Spark of Creativity | Teen Ink

Spark of Creativity

August 11, 2016
By Willflower.-.-. BRONZE, Yuma, Arizona
Willflower.-.-. BRONZE, Yuma, Arizona
2 articles 0 photos 72 comments

Favorite Quote:
This is us. This is who we are. We demand attention.

Center stage. A single actor in a pool of white light, his jaw opening to sing the first note of “Santa Fe” from the musical, NEWSIES. That is the director’s main goal, in my opinion; to captivate audiences within the first couple of seconds. One of the director’s main roles is to help guide actors during rehearsals. When I was younger, nine or ten, my elementary school teacher told me that I could be an excellent teacher. That has stuck with me through the years. A lot of the teachers that I remember fondly have always taught me something I could never forget, usually something about myself or how the world perceives me. I want to give people that same spark that leads down the creative path of never ending joy and fascination and the only way that I know how is by doing something that comes naturally to me; being creative.

In third grade, I had just transferred to a new school and I was struggling to make friends so I did what I do best: pay attention. A group of girls was playing Four Square close to where I was getting some water after playing a round of kickball. They were talking about a movie that had come out on Disney Channel that I had seen, High School Musical. I tried talking about it with some guys and they said that it’s a girly movie. I eventually struck up a conversation with the blonde girl with a mole on her upper lip, Alyssa, which we both wound up “fangirling” over the movie.

We became friends and got into the same class in fourth grade with the devil as a teacher. That year, we decided to sing songs during recess. The first song that we sang came from High School Musical, “Breakin’ Free,” and we quickly went over to the easily best song from the entire series, “You’re The Music In Me.”


While we were performing, even if no one was paying attention to kids singing songs meant for high schoolers, we still sang our hearts out. When the novelization of High School Musical 2 came out, I devoured the book within days. Alyssa suggested to me, after reading it as well, to perform it for our families. That idea popped into my head and it was hard since I wanted to do everything, put everything possible for the fans. I guess that is why producers, directors, and screenwriters have to pick and choose what is absolutely necessary for adaptations. The idea of turning it into a script didn’t make it past an idea.

One evening when I was sitting at home watching Suite Life of Zack and Cody, an advertisement for a special edition of High School Musical 2 popped up. It was for the dance-along screening, when the actors teach the viewers how to do some choreography from a couple of the numbers in the movie. I wasn’t going to be dancing along, but I would probably catch it anyway. That morning was starting to get a little chilly, but Alyssa ran up to me as if she had some mind-blowing news for me. She told me about the dance edition and how excited she is for it; as a result, I was excited. It premiered and I was dancing along in my living room, since it seemed stupid not to do it. They were exercising to a video screen without anyone watching actually doing it. No wonder those people make money off of selling those workout videos, even they wind up collecting dust after one time of watching it. My parents must have thought that this was just a phase. The following day, Alyssa wanted to put in the dance moves into our performances. I was fine with it and we got to work with some of her friends that wanted to get some action.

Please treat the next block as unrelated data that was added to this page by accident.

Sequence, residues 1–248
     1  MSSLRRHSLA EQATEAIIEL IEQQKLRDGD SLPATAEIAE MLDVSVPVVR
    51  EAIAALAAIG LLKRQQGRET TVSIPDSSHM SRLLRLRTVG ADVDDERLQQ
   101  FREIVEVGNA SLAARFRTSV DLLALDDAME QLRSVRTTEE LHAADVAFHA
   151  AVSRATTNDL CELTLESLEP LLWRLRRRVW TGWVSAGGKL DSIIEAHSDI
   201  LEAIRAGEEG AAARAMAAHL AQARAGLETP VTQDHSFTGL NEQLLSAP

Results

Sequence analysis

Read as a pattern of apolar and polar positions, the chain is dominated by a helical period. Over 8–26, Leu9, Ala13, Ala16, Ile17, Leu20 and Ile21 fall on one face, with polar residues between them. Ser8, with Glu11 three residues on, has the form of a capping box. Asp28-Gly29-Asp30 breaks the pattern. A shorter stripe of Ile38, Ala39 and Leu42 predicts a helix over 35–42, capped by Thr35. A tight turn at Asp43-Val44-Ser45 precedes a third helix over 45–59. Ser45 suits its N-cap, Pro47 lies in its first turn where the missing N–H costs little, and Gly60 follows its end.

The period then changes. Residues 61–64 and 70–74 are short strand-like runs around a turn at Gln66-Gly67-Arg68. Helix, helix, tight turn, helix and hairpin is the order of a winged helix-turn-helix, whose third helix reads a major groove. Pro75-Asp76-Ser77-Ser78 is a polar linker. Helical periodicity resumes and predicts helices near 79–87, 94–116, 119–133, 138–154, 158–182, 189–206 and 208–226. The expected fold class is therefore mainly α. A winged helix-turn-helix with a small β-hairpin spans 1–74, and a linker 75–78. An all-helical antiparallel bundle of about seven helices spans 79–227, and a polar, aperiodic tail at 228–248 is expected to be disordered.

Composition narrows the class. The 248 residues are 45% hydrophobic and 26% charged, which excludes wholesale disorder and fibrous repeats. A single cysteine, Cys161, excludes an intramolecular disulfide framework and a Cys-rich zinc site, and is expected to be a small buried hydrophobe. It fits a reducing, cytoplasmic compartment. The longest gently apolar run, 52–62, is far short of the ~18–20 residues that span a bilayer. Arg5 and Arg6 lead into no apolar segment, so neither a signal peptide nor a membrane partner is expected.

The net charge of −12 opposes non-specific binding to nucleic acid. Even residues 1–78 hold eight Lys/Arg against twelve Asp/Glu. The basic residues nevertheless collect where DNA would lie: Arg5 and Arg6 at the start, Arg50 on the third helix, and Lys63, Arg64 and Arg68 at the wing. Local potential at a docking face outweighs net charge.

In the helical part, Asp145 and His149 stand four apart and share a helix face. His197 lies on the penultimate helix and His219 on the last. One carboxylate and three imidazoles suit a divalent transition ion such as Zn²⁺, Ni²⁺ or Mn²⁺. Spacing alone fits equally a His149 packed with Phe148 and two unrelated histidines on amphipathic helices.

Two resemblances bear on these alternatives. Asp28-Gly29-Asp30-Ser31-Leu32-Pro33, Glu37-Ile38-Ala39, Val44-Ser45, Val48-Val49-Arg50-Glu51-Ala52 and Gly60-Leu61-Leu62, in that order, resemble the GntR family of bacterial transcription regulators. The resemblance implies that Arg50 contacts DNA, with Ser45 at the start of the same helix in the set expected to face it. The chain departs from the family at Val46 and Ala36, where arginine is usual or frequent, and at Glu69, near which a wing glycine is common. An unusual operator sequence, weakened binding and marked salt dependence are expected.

Towards the end of the fourth grade, Alyssa took me to where we first sang, “You’re The Music In Me.” We sat on the silver bleachers where you could see the basketball court and a couple of the Four Square arenas. It was a little breezy and there a look of sadness on her face. I questioned her about her apparent sadness and told me devastating news. “My parents told me and my brother last night that my dad was stationed in North Carolina.”

“What does ‘stationed’ mean?” I asked nervously.

Alyssa sighed. “I’m moving.” The breeze seemed colder and made my blood chill.


“Next week.” That simple statement made my jaw drop to the ground. “We’ll stay friends,” she put her hand in mine and asked if we could sing her favorite song. She started to sing the first couple of notes of “Gotta Go My Own Way” and I joined in on Troy’s part and fought back tears.

The thought of professing my love for her crossed my mind several times, if it would’ve stopped her from moving. I was talking to a frenemy about the situation around me and Alyssa, he told me that I should take to the outskirts of the playground, confess my love for her and to kiss her. I even suggested that she should move into a friend’s house. There have been some crazy ideas through the years that have passed through my head. If it had happened, she would have never forgiven me. It was the end of my creative outlet as I knew it. I wished that I would have savored the creativity and fun that I had while it lasted.